Conducted by the nonprofit, nonpartisan EdWeek Research Center in Nov. 2023, Allovue's 2nd annual, nationally-representative study gathered perspectives from 1,855 U.S.-based educators, using a 39-question survey. Respondents included 467 district leaders, 592 school leaders, and 796 teachers.

In Dec. 2023 and Jan. 2024, the EdWeek Research Center also conducted 1:1 follow-up interviews with 10 teachers and administrators from eight different states.


8 people analyzing a long banner of graphs and data

Key Themes


Education professionals have grown more pessimistic about K-12 finance since 2022 (The Allovue Education Spending Confidence Index Score is -67, down 29 points from last year). Some top concerns include the loss of COVID relief aid, funding that fails to keep pace with inflation, rising costs related to rising student needs, and staffing challenges. Other takeaways:

Confidence in district finance varies somewhat by region.
Respondents from Northeast & Western states show greater pessimism than those from Midwestern & Southern states.
The details of K-12 revenue are not widely known.
Educators tend to underestimate per-pupil funding amounts and overestimate the federal government’s share of funding.
Leaders involved in budgeting worry about accurate forecasting.
A quarter say they have not received PD in this area. 51% say that their budget software is out of date and needs to be modernized.

Quotes & Data


Back to where we were.

“My job is funded with COVID dollars. I will not have this job at the end of the school year unless COVID money is renewed.”
-Middle school math teacher, South Dakota

“Once those one-time monies are gone and we’re in the middle of a recession and we don’t have increased core revenue, we’ll be right back where we were before the pandemic.”
-Principal, California

73% of school & district leaders said the end of COVID relief will have a somewhat, very, or extremely negative impact on their ability to meet students’ needs.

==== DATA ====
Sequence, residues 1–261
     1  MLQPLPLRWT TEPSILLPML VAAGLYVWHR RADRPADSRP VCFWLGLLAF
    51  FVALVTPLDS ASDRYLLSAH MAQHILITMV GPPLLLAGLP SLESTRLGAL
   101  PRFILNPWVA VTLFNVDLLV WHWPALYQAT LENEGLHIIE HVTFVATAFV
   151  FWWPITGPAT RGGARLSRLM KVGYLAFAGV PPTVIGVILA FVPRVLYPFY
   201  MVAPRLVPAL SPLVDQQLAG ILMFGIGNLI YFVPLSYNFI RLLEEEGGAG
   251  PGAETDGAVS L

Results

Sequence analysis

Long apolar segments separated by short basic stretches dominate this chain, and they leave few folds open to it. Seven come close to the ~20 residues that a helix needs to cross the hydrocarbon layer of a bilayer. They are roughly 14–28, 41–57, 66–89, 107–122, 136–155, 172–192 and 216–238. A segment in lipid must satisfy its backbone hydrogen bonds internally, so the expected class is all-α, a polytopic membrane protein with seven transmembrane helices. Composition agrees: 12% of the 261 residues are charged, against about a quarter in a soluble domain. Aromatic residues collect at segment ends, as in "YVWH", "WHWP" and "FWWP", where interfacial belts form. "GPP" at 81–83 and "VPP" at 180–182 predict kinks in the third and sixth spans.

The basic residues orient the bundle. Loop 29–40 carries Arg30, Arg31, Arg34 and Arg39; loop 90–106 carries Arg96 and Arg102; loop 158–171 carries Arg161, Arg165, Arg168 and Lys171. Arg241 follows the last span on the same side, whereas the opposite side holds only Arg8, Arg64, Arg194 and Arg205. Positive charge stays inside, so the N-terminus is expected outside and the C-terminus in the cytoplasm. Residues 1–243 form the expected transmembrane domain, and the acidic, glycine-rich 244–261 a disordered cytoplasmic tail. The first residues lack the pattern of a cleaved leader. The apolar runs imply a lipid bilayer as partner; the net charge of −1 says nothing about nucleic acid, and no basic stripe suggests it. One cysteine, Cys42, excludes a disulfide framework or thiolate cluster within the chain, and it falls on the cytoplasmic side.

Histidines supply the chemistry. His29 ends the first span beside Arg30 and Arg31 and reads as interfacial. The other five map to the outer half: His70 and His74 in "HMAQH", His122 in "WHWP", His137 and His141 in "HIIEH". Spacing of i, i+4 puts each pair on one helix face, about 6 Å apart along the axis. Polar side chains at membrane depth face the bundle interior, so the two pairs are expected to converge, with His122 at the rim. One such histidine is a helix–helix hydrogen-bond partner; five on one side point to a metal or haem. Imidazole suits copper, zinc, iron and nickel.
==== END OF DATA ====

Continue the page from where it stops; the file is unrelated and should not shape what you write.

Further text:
Students are suffering.

“The teachers were on a seven-year salary freeze prior to and following COVID. ... The neighboring districts are larger, and the teachers that leave our district hate working in the larger districts, but they offer better salaries and cheaper health insurance because of their large number of employees. Our students in our district are suffering.”
-Elementary school principal, Indiana

68% of teachers said their salary is unfair; 7 out of 10 in this group said the unfairness makes them want to leave their current jobs.


Do more with less?

“The tenor of our new school board, which is now in place as of early December, is that they are a proponent of a 0 percent tax increase and kind of want us to continue to, I guess, do more with less, if you will. So, I would say it’s really not a good time to take on those types of major expenditures just because it’s likely we would not have the support to do so.”
-District-level director of secondary teaching & learning, Pennsylvania

“The mental health needs of kids since COVID not doubled, not tripled, quadrupled—or even more than that. I can’t even really put a number on that.”
-District-level safety/at-risk coordinator, Tennessee

Survey / 2022


  • On-demand webinar featuring Shashank Aurora (Chief Financial Officer, Des Moines Public Schools), Miguel Marco (Principal, Helen Wittmann Elementary, ABC Unified School District), Zahava Stadler (Project Director, Education Funding Equity Initiative, New America), Holly Kurtz (Director, EdWeek Research Center)


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Founded in 2013 by a former middle school teacher, Allovue builds innovative tech solutions to support school finance administrators and make K-12 spending more equitable and effective. In 2024, Allovue was acquired by PowerSchool.


The EdWeek Research Center is the independent, nonprofit, nonpartisan research arm of Editorial Projects of Education (EPE), publisher of Education Week and EdWeek Market Brief.